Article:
No matter where you go in the world, you will turn in reports, look up information, ask outpretty women, call in sick, turn down invitations, and run out of beer (Goddammit! Who drank all the beer?!)
That’s a Horse of a Different Color
Idioms: It’s a love-hate relationship. I absolutely love idioms. Not as much as I love colloquialisms (look down yonder), but they make me as happy as a pig in shit.
On the other hand… teaching them as EFL is… well… problematic (to put it politely). While some idioms can be explained, the vast majority of them are simply “common cultural knowledge”. I will say, with authority and conviction: “This phrase means X. I don’t know why, don’t bother asking”.
This is, of course, true of any language. The first time someone said “ma ma hu hu” to me, I had no clue what they were saying. Then a “helpful” (read: snarky asshole) co-worker translated for me. It means… “horse horse tiger tiger”. Ummm…. what?? “Just so-so”. Not a single person I have asked (all native speakers) has been able to explain to me why “horse horse tiger tiger” means “Just so-so”. It’s just an idiom.
As My Granpa Used to Say…
Colloquialisms are, I think, the best part of English. I loves me some local sayings.
For those who don’t know, a colloquialism is a “colorful saying”. They are frequently regional or local. Unlike slang (see down yonder), colloquialisms have a long lifespan—as evidenced by the fact that they are commonly preceded by the phrase “As my grandpa used to say…”
While colloquialisms can nestle into any grammatical corner, the most common (and most fun) fall into the range of metaphors and similes.
“He’s as nervous as a long-tailed cat in a room full of rocking chairs.”
“You’re trying to fit ten pounds of shit into a five-pound bag” (recently proven impossible by Mythbusters).
The one I remember from my dad was “She’s five-foot tall and three axe-handles wide” (she’s short and fat).
Because they are regional or local, even native speakers won’t always understand colloquialisms. I ran into that somewhat frequently when I was living in Texas and Virginia (I’m a Wisconsin boy). But then… they often didn’t understand what I was saying.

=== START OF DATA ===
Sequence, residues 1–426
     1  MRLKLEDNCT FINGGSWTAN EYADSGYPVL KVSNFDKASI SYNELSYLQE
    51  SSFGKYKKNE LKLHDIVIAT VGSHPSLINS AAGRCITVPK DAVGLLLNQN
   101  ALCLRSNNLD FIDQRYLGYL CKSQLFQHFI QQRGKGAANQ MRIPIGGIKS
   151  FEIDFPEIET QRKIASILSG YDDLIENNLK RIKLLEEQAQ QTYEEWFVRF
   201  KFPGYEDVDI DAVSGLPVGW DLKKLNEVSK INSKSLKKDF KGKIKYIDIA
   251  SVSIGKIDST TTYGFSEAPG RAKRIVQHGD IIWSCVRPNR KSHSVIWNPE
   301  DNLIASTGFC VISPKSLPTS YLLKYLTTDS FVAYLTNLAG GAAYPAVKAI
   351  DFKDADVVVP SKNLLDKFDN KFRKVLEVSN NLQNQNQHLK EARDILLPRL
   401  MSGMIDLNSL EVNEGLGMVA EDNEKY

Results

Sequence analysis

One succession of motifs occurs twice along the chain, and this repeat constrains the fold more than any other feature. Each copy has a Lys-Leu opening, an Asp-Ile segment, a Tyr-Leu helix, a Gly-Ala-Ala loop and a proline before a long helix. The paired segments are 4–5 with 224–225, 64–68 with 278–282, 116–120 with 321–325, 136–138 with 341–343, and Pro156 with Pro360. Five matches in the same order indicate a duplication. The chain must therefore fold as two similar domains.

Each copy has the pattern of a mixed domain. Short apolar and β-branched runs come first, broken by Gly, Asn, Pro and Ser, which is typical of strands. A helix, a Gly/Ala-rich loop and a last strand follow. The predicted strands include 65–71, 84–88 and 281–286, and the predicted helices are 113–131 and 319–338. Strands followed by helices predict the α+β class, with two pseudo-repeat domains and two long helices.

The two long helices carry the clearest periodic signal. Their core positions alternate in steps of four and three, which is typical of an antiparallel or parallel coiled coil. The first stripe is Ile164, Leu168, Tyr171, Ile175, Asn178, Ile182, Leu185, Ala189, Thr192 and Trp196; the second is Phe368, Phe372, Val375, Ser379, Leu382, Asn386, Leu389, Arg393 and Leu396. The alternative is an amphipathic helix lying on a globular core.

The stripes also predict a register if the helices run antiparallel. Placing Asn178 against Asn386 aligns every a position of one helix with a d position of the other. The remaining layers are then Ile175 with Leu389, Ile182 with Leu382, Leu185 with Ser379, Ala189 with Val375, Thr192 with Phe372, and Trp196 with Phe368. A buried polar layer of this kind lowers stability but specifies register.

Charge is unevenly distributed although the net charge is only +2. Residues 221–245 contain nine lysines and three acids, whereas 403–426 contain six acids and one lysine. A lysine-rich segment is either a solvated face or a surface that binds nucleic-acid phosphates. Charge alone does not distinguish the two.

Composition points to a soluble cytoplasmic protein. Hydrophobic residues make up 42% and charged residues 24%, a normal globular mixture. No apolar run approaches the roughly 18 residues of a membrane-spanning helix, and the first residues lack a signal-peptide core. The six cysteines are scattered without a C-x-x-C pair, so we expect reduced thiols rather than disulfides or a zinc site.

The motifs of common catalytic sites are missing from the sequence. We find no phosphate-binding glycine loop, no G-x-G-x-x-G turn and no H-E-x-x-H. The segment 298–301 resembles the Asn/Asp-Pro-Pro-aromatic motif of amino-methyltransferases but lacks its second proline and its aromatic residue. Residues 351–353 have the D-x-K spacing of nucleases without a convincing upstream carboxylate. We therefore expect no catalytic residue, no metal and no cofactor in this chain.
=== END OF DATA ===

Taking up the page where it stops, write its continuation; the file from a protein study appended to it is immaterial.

Between native speakers, colloquialisms are either easy to figure out (there’s enough shared culture) or easily identified as colloquialisms—at which point we just say “What the fuck does that mean?”
Foreigners, however, frequently lack an inherent “feeling” for the language that lets them know that a set of words should not be taken literally. And they certainly don’t have the cultural and regional understanding to correctly interpret what’s being said.
Slang. Oh gods… slang. How do I hate thee? Let me count the ways.
Slang is the bane of anyone trying to teach EFL.
One of the core intents of slang is to make itself unintelligable to “old people” and “uncool people”. So… basically anyone who deals with language in an international context.
Slang has a half-life shorter than most transuranic elements.
I don’t teach slang. I will often refer to slang—but almost always to show how it causes breakdowns in communication, and shouldn’t be used.
My example: At a previous job (selling boats) I did a photoshoot. 3 models volunteered their time in exchange for copies of the photos (TFP; Time for Print (that’s jargon)). After weeding out the bad shots, I sent copies of the photos to the models. I also posted copies online. One of the models commented on a photo of hers with this: “That makes my legs look sick!”
I was taken aback. I thought the photo was quite good and showed her in a positive light. Why was she saying that it made her look ill or deformed? I e-mailed another one of the models and asked her what I had done wrong. She replied: “Sick means really good”.
That’s when I knew I was officially “old”.
The First Shall Be Last, and the Simple Shall Be Complex
Nothing has advanced my understanding of English more than spending 3 years teaching it to Chinese students.
You think you know English? Okay… Find a non-European who is just learning English and try to explain these words to them:
Explain the difference between “a”[uh] and “a”[ay].
“I have [uh] pencil.”
“I have [ay] pencil.”
To Wrap It Up…
One of the things I stress to my students is that language is not words; language is ideas. I loves me some colloquialisms, but I will get down-right violent about the complete wrongness of using “literally” to mean “figuratively”. It’s not about the words, it’s about the ideas.
Language isn’t about rules or definitions any of the shit the textbooks insist is ultra-important. Langauge is about communicating. There are a bazillion tools out there to teach people vocabulary and grammar and all that other textbook stuff.
Those tools will tell you that “The vodka is good, but the meat is rotten“
English is like the game of Go: An hour to learn, a lifetime to master.
English is a very forgiving language. For daily interaction, we really don’t give a rat’s ass about details. Can I understand what you mean? Great!
When you step into anything more complex than buying a slurpee or taking a taxi to the beach, however, it’s a whole different ballgame.